Tomline, George Pretyman (DNB00)
TOMLINE, Sir GEORGE PRETYMAN (1750–1827), tutor of the younger Pitt, and bishop of Winchester, was the son of George Pretyman of Bury St. Edmunds, by his wife Susan, daughter of John Hubbard. His father represented an ancient and respectable Suffolk family which had held land at Bacton in Suffolk from the fifteenth century. Tomline (who until 1803 bore the name of Pretyman) was born at Bury St. Edmunds on 9 Oct. 1750, and educated at the grammar school at that town and at Pembroke Hall, Cambridge, where he distinguished himself in mathematics, being senior wrangler and Smith's prizeman in 1772. He graduated B.A. in 1772, and was appointed fellow and shortly afterwards tutor of his college in 1773.
On William Pitt being sent to the university at the early age of fourteen, Tomline was appointed his tutor, probably on the recommendation of the master of Pembroke Hall. Pitt early developed a close friendship with his tutor (letter of Pitt to Pretyman, 7 Oct. 1774, Orwell Collection), which he maintained till his death, and which established Tomline's fortune. In 1775 Tomline proceeded M.A., and was appointed moderator of the university in 1781. He took an active part in the Cambridge election in September 1780, when Pitt failed to win the university seat (Cambridge Poll Books, Orwell Collection), and went to London with Pitt and Pitt's elder brother, Lord Chatham, after the loss of the election. On Pitt's appointment in December 1783 as first lord of the treasury, Tomline became his private secretary, but did not at first bear the name of secretary, as the minister thought it might be detrimental to him in his profession. He continued in this position until 1787. In 1782 he was collated to the sinecure rectory of Corwen, Merionethshire; in 1784 was appointed to a prebendal stall at Westminster, and the same year was created D.D. In 1785 he was presented by George III to the rectory of Sudbourn-cum-Offord, and was elected a fellow of the Royal Society. Tomline's mathematical abilities enabled him to be of great service to Pitt during the conduct of the latter's financial proposals. He formulated the objections to Richard Price's scheme for the reduction of the national debt, and performed most of the calculation involved in Pitt's plan for the same purpose. In January 1787 Tomline succeeded Thurlow as bishop of Lincoln and dean of St. Paul's. It is said that on Pitt's application on behalf of his friend the king remarked, ‘Too young, too young; can't have it!’ but that on the minister replying that had it not been for Tomline he would not have been in office, the king answered, ‘He shall have it, Pitt; he shall have it, Pitt!’ Though Tomline ceased to act as secretary on taking up his episcopal residence at Buckden Palace, his very close intimacy with the prime minister was not relaxed, and he frequently visited him in London for the purpose of conferring with him and doing secretarial work for him. From 1787 to 1806 the bulk of the ecclesiastical patronage was exercised according to his advice, and his opinion on the general conduct of political affairs was generally sought and not infrequently followed by Pitt (Rose, Diary and Correspondence, i. 323).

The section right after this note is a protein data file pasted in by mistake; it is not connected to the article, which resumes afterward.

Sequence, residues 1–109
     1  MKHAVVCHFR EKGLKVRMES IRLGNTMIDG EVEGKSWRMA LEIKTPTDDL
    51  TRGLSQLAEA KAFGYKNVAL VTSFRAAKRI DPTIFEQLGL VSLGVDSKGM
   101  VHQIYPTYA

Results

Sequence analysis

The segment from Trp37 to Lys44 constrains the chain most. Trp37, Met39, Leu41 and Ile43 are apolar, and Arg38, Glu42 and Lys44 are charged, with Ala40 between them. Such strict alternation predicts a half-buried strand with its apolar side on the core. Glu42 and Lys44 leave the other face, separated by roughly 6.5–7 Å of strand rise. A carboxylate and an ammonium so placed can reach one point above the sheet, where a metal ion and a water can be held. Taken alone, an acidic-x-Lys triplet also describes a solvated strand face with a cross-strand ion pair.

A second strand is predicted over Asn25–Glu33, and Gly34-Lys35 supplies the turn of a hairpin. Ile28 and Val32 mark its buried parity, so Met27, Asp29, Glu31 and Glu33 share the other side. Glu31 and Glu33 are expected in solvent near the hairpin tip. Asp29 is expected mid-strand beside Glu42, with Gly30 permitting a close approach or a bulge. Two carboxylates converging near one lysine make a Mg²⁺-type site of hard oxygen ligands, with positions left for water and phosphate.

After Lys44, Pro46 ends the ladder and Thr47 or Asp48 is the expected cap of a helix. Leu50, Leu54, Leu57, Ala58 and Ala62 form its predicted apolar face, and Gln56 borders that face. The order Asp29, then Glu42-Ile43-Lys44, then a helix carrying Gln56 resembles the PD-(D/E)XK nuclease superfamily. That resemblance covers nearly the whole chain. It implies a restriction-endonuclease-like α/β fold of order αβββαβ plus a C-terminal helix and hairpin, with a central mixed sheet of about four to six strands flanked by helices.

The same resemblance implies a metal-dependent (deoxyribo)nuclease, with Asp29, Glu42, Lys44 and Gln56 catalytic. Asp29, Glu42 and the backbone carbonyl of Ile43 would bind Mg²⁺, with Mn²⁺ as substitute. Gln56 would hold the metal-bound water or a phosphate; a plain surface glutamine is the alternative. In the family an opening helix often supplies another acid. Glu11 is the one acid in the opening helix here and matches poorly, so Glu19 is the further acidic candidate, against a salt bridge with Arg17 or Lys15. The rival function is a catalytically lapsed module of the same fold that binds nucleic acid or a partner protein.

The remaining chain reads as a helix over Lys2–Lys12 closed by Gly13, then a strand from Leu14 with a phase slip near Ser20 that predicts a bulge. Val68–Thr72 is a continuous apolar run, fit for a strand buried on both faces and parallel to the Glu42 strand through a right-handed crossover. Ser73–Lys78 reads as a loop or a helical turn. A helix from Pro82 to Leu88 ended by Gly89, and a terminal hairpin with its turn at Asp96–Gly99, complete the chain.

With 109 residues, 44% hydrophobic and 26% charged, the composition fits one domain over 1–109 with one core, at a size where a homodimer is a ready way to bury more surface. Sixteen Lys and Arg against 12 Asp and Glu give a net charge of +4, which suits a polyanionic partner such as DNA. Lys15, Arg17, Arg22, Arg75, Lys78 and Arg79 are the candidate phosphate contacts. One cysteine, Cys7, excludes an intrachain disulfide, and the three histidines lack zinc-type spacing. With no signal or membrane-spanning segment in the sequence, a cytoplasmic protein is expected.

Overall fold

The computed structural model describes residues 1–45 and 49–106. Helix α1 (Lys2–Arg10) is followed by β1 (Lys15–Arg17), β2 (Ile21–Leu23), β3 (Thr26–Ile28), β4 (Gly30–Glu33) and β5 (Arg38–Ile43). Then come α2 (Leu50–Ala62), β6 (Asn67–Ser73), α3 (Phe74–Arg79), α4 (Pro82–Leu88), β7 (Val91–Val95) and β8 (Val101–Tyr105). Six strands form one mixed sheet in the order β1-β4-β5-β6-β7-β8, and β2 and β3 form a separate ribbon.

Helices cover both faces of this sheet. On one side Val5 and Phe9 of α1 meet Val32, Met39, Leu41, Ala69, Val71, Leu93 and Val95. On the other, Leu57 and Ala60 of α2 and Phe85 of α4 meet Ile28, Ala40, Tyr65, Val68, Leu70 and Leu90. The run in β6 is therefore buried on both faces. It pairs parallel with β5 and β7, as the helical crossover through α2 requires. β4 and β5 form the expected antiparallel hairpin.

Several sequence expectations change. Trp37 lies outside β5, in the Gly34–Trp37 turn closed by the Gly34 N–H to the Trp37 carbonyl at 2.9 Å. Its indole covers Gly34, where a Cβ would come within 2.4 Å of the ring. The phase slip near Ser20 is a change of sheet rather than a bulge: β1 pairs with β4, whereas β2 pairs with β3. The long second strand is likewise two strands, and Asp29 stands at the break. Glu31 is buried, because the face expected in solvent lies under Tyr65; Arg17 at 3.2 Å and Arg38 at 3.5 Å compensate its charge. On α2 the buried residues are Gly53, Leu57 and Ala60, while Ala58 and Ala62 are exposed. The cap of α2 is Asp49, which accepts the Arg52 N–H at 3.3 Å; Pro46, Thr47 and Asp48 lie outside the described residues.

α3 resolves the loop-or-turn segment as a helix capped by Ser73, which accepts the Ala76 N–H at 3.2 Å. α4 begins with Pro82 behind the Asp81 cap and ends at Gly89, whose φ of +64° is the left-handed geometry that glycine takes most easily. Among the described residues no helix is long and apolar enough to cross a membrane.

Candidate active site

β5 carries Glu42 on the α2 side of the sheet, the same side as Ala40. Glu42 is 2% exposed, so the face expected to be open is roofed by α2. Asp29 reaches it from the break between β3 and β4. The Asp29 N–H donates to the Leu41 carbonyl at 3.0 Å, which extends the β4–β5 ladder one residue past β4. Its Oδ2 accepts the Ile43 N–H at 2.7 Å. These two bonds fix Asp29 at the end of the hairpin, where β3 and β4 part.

In 1799 Tomline justified his episcopal appointment by his publication of the ‘Elements of Christian Theology’ (London, 2 vols. 8vo; 12th edit. 1818). This work, which was dedicated to Pitt, was composed for the use of candidates for ordination, the idea being suggested to the bishop owing to the ignorance displayed by most of the candidates who presented themselves to him. Though ‘without pretensions to depth or originality’ (Stebbing, preface to ed. Elements of Christian Theology), the work became very popular and went through many editions. It was revised by Henry Stebbing (1799–1883) [q. v.] in 1843. Several abridgments appeared, and the first volume was published alone in 1801 and 1875 under the title ‘An Introduction to the Study of the Bible.’ On the question of catholic emancipation Tomline took up so strong an attitude that he was prepared to oppose the measure even if brought in by his patron (letter, Mrs. Tomline to Tomline, 8 Feb. 1801, Orwell Collection), but on his urging his arguments on Pitt ‘did not seem to make much impression on this point’ (Rose, Diary and Correspondence, i. 443).